Of course, trying to rollout such a scheme during a cost of living crisis is probably the worst possible timing imaginable.

Financial support

Here’s the rub, until the Government steps in with low-interest loans for customers, there’s unlikely to be a big shift in take-up.

Middle-income households aren’t buying in numbers either, and Government low-interest loans like Scotland is currently doing need to be seen south of the border.

Various financial products could be employed to help, including supporting energy efficiency improvements such as to the building fabric, and ‘heat-as-a-service’ products.

The committee asked pointedly however: “What consideration has been given to offering Government-backed low-interest loans, and how is Government supporting the private sector to develop new financial products and heat-as-a-service offers which could help households meet heat pump installation costs?”

We are yet to have answers, although the Government has said the continuing scheme will have “new, additional funding each year until 2028,” although whether or not this just means the existing grants is unclear.

In the meantime, a range of financial products are being made available by suppliers of heat pumps.

Encouraging more take-up

The Secretary of State Lord Callanan has replied to Baroness Parminter, including confirmation that the current marketing campaign will be “enhanced” to try and encourage more take-up, and that the Department would “continue to review” the levels of the grant, and “consult on whether to make a change to the EPC requirements” around heat pump installations, which have been cited as a further cost barrier, and a “not always accurate” assessment of energy performance.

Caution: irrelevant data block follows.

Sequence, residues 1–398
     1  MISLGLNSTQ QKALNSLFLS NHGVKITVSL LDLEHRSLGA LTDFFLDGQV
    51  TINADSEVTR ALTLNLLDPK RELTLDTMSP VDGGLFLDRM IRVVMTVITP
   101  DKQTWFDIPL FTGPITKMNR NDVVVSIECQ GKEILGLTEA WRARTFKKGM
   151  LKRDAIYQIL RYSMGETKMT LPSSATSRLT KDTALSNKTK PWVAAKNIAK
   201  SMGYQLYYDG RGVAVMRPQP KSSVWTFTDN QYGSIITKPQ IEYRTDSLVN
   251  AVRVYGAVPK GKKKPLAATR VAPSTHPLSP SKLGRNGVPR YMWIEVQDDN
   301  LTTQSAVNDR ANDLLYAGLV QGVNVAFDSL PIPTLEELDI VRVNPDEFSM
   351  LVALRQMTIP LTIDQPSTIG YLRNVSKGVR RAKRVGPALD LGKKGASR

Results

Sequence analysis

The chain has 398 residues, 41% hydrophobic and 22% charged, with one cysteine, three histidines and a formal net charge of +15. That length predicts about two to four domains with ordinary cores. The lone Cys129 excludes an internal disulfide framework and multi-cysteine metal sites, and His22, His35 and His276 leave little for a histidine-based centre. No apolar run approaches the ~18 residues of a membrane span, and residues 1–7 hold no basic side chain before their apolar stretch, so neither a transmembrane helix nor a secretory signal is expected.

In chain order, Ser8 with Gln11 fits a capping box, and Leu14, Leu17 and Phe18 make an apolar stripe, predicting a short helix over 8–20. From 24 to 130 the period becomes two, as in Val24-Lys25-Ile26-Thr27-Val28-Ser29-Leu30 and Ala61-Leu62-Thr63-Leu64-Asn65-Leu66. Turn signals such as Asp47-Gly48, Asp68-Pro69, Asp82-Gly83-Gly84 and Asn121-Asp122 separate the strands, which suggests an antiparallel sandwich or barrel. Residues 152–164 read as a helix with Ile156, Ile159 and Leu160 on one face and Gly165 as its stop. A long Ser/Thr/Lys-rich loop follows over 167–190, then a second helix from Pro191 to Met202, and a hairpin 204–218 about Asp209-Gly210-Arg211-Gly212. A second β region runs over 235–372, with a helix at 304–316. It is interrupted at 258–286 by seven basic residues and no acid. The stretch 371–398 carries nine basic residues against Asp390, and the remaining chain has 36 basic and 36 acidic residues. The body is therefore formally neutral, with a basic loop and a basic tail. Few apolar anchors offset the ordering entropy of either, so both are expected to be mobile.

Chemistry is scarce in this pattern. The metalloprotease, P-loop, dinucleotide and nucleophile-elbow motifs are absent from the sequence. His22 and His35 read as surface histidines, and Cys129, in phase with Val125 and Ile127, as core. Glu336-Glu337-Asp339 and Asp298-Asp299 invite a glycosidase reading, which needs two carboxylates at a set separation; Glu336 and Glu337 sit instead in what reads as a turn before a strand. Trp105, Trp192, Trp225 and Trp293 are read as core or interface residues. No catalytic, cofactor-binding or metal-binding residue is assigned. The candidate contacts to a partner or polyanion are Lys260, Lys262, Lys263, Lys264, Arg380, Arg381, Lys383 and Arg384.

We haven’t even discussed the backlog of demand for installers, if the takeup does suddenly mushroom (as it must if we are to hit the 2028 ban on gas boilers without some kind of ‘fudged’ outcome).

Manufacturers and energy suppliers are investing hugely in training installers, but the demand has to be there.

Give low income families a HUG

From Lord Callanan’s letter, it appears that Government has largely given up on the idea of low income families retrofitting heat pumps for now.

He says: “We will deliver low carbon heating upgrades to over half a million low income and fuel poor homes in the coming years through our Social Housing Decarbonisation Scheme, Home Upgrade Grant (HUG) and Energy Company Obligation Scheme.

Under HUG Phase 2 there are separate funding pots per household for energy efficiency upgrades and low carbon heat such as heat pumps.”

The Government wants to reduce costs of heat pumps by 25% minimum by 2025, and is “working with industry.” It wants them to be as cheap as gas boilers by 2030, but what is doing to assist industry in this aim?

Are we going to catch the BUS to get to the goals in time, or in the end will we revert to another completely different form of transport incentive for our nationwide journey to low carbon heating systems?

James Parker is editor of Architects DataFile and Housebuilder & Developer